It’s funny how girls think. Take any one of us. A man will say, “I have a problem. I’m a ____.” Fill in the blank. And the girl will swoon. “Yes!!” She thinks. “Another man I can care for and create a complicated, dependent relationship with!”
Take me for example, with Matt, this recent Jdate prospect. We talked online before meeting. Great on paper – funny, smart, political and enrolled at New York University’s Business School. I told myself he was perfect. The one for me. I started planning our wedding.
He didn’t kiss me on the first date. That was okay. He was respecting my boundaries and really, according to my (recently acquired) rules, I wasn’t ready to kiss him yet anyway. Second date? No kiss. Third date? No kiss. Whoa, I thought, he must really care about me. How nice of him. You’d think that warning bells would be ringing, but no, in my eyes this man was problem free.
Even when he fell asleep on the couch at his apartment on our third date I didn’t blink an eye. We were talking and all of a sudden he was out! It was like when your friend’s cell phone cuts out but you keep talking except I was right there. I ran through the possible explanations – was he bored by me? Devoid of energy, enthusiasm, passion or simply enough hormones to do something with me, kiss me perhaps, as I lay body outstretched on his white, soft couch? Nah, I told myself. He was tired. He was comfortable. He’s able to relax when I’m around. Sweeeet.
It took him comparing himself to Ben Stiller in the movie Along Came Polly for me to start to worry.
Matt, my dashing “problem-free” date tells me that I HAVE to see this movie because that’s him, right there. He. Is. Ben. Stiller. So I rented the movie, and winced as I watched. Ben’s character was horrible. Dependent. Needy. Whiny. Dorky. Controlling. Neurotic. I kept watching, hoping that Stiller would undergo a magical transformation, and burst from his ugly frog costume into Mr. Right. He never did. Neither did Matt.
The next day, Stiller’s character still fresh in my mind, I asked Matt if he’d be coming to my play that weekend. I was in a show about women’s empowerment and sexuality called The Vagina Monologues. I had one of the best monologues in the show, playing a sex worker who only has sex with women. It was hot. I was psyched. My friends came to the show. Hell, my grandpa came. But no Matt. I mean, we hadn’t been dating for that long, but I wondered to myself, and out loud to my friends – why wouldn’t he want to cheer me on? I called him on out on it the night before my last show. “Are you going to see my play, The Vagina Monologues?”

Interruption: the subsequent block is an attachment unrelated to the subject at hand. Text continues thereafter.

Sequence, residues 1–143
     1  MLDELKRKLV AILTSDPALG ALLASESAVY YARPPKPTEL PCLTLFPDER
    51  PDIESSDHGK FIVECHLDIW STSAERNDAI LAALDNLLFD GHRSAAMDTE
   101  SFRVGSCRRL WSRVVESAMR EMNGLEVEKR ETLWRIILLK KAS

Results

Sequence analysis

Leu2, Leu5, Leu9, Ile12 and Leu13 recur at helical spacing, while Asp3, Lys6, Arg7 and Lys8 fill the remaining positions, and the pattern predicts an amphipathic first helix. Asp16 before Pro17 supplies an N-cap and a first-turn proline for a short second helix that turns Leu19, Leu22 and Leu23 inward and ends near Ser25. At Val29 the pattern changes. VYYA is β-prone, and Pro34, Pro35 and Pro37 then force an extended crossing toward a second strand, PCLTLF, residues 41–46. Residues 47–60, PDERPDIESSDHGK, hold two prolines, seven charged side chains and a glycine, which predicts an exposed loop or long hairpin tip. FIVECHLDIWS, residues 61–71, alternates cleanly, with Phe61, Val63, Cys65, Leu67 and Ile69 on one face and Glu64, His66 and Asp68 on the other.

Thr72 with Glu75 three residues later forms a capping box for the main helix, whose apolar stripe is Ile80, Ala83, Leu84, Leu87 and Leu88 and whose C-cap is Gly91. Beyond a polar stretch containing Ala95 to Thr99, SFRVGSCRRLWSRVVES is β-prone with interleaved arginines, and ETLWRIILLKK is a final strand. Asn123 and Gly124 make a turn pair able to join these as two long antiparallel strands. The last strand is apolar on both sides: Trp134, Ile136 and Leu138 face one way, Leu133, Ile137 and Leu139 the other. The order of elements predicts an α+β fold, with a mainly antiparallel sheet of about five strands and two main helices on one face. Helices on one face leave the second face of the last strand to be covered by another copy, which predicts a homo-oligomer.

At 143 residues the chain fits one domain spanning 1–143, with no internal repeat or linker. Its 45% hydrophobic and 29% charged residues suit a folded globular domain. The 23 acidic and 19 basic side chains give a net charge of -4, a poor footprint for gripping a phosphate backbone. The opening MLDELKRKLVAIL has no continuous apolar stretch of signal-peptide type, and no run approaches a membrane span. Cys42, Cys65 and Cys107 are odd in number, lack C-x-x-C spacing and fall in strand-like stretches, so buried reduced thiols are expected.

“Don’t.” He replied. “Don’t say that word.”
“What?” I asked, confused. “Vagina?” Was he kidding?
“Please.” He replied.
I gave him the benefit of the doubt. Maybe he used a different, sexier word to refer to the female genitalia. That could be cool, I thought. I could handle that.
I tried again.
“Well then, what word do you use when you’re having sex and you want to refer to a woman’s “down-there”.” I asked, intrigued to hear his reply.
“I don’t.” He said. “I don’t talk during sex.”
I paused. “What about during foreplay?”
“Nope.” He said it so casually. I didn’t understand.
“But if you don’t communicate,” I began, “You don’t have good sex.”
“I don’t have good sex,” he stated matter-of-factly.
You’d think I’d hang up the phone. Call off our plans for the next week and wish him a sweet goodbye. But I didn’t. I strategized. For the next two days I decided what and how I would teach him about sex, love and physical intimacy. I wasn’t deterred by the fact that he had spent 12 years in a Catholic school as the token Jewish kid learning, as he said, that sex was dirty, weird and sinful. With some good-lovin’, I thought, I could reverse that.
He called Saturday night.
“I don’t think we work as a couple,” he said. “It’s a gut feeling.”
I was disappointed, no doubt about that, but the more I thought about Matt, the more I realized that he wasn’t what I wanted anyway. What I needed in a man.
(Photo: Sarah G…)